3. The mobile telephone device as set forth in claim 1, wherein the outer conductor means of the first connecting element and the outer conductor means of the second connecting element each have a tow or more separate outer conductors.
4. The mobile telephone device as set forth in claim 3, wherein the separate outer conductors are arranged at a distance from one another and parallel to each other and at the same time are each arranged at a distance from the inner conductor and parallel thereto.
5. The mobile telephone device as set forth in claim 4, wherein each outer conductor of the first connecting element is associated with in each case one outer conductor in the second connecting element, and the mutually associated outer conductors are in each case arranged such that they are aligned with one another in the connected position, with their facing ends interacting.
6. The mobile telephone device as set forth in claim 1, wherein the conductors are arranged in two or more parallel rows, with each row having at least three conductors and with at least two and preferably three parallel rows being formed.
7. The mobile telephone device as set forth in claim 1, wherein the connecting device is in the form of an HF-connecting device in that at least one of the conductors in the first connecting element and in the second connecting element is in each case in the form of an inner conductor and two or more conductors which are arranged around said inner conductors are in the form of outer conductors which form a coaxial shielding, with the inner conductors and the outer conductors of the two connecting elements each being arranged such that they are aligned with one another in the connected position, with their facing ends making a touching contact with one another.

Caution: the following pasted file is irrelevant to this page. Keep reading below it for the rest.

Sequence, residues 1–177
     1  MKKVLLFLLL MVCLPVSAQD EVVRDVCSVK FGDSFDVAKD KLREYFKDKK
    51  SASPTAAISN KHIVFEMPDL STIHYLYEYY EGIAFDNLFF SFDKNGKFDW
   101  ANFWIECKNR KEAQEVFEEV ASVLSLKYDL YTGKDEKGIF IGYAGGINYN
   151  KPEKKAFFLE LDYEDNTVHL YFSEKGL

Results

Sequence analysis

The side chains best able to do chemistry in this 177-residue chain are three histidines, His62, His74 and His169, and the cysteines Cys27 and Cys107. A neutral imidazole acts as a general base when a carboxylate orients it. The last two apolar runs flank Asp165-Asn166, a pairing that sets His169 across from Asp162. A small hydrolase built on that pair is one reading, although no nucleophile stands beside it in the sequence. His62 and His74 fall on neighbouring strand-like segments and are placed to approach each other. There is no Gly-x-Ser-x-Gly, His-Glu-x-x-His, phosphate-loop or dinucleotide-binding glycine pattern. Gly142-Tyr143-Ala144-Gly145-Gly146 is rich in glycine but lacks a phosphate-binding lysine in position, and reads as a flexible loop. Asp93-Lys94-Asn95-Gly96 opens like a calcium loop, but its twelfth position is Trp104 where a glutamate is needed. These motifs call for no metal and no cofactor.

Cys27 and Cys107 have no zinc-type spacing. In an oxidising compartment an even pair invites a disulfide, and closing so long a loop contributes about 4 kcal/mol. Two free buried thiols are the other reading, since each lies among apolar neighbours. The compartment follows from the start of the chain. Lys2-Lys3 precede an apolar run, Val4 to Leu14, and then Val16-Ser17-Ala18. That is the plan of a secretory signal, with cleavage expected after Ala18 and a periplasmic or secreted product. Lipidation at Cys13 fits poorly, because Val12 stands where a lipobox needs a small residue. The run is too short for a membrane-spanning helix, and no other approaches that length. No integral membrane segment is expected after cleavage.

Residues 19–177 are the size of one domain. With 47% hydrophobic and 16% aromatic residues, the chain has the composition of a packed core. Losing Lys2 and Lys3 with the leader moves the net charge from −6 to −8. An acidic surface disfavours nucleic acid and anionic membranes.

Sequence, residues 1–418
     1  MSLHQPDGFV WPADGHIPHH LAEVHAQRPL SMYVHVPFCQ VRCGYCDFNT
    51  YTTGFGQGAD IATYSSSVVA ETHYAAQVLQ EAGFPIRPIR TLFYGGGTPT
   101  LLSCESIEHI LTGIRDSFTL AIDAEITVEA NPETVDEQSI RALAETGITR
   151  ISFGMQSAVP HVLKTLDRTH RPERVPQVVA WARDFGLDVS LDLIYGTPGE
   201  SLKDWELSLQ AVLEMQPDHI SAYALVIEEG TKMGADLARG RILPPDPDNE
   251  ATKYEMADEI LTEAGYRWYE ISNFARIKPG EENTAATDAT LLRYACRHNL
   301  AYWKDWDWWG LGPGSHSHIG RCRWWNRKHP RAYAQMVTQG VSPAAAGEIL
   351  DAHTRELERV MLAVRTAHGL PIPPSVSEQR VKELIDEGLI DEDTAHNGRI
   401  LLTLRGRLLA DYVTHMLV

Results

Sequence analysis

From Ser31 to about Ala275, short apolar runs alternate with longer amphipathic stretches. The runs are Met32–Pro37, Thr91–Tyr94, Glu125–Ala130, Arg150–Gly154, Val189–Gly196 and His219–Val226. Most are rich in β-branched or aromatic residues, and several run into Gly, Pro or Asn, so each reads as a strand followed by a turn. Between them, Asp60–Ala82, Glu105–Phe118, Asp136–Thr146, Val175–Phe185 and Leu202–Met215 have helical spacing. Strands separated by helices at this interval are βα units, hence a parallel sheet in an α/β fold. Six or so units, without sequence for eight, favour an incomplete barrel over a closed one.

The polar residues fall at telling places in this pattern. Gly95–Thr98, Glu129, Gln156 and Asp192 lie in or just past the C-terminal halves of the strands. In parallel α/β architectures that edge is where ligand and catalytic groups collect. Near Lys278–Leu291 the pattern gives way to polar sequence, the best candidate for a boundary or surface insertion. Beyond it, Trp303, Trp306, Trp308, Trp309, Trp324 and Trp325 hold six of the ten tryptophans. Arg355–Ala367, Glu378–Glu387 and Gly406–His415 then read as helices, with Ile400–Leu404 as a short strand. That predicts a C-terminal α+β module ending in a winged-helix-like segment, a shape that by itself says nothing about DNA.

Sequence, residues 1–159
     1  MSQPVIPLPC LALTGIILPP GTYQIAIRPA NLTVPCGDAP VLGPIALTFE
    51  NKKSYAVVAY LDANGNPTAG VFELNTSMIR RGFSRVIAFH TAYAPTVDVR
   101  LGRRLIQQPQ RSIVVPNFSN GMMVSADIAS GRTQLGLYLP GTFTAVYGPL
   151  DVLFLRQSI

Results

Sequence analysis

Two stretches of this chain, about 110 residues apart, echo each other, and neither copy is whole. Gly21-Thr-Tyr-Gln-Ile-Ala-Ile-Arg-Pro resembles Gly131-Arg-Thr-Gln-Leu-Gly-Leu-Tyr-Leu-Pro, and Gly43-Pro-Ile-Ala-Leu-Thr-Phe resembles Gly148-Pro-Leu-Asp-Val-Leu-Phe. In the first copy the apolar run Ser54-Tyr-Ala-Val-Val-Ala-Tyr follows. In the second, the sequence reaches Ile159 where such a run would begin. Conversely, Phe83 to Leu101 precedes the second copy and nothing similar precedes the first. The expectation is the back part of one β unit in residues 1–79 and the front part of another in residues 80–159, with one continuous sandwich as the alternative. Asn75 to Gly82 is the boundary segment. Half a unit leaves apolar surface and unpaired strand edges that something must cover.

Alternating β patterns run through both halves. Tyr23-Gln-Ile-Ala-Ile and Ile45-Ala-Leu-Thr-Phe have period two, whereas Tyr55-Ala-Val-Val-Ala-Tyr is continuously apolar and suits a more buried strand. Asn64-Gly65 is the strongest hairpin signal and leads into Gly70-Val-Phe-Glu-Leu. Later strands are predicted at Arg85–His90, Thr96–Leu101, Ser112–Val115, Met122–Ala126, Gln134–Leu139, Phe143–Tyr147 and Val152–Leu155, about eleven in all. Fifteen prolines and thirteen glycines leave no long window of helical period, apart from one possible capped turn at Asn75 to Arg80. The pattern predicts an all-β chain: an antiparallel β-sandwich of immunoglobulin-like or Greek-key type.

8. The mobile telephone device as set forth in claim 1, wherein the ends, which face towards each other in the connecting position, of the inner conductors and the outer conductors and preferably in each case exclusively the axially outermost region of the ends, are in the form of contact ends which make a contact with one another in the connected position.
9. The mobile telephone device as set forth in claim 1, wherein the mutually touching contact ends are designed such that
a) in the connecting position they touch each other, preferably exclusively on a common contact surface, which extends substantially perpendicularly or at an angle to the axial extent of the outer conductors and inner conductors and/or
b) in the connecting position they touch each other, preferably exclusively in a common contact point or in a common contact line, wherein at least one of the two touching contact ends has a contact surface which extends substantially perpendicularly or at an angle to the axial extent of the outer conductors and the inner conductors.
10. The mobile telephone device as set forth in claim 1, wherein more than two outer conductors are arranged around the inner conductor in at least on one of the connecting elements, with adjacent outer conductors each being arranged at the same distance from one another and/or the outer conductors which surround the inner conductor each being arranged at least approximately the same distance from the inner conductor.
11. The mobile telephone device as set forth in claim 1, wherein in at least one of the connecting elements, the outer conductors are arranged to extend through edges, preferably corner points of a fictional rectangle in the cross-sectional plane of the connecting element, preferably a square or another regular polygon or a circle, wherein the inner conductor is arranged to extend on a central axis of said configuration.
12. The mobile telephone device as set forth in claim 1, wherein the outer conductors of the first connecting element are respectively identical.
13. The mobile telephone device as set forth in claim 1, wherein the outer conductors of the second connecting element are respectively identical.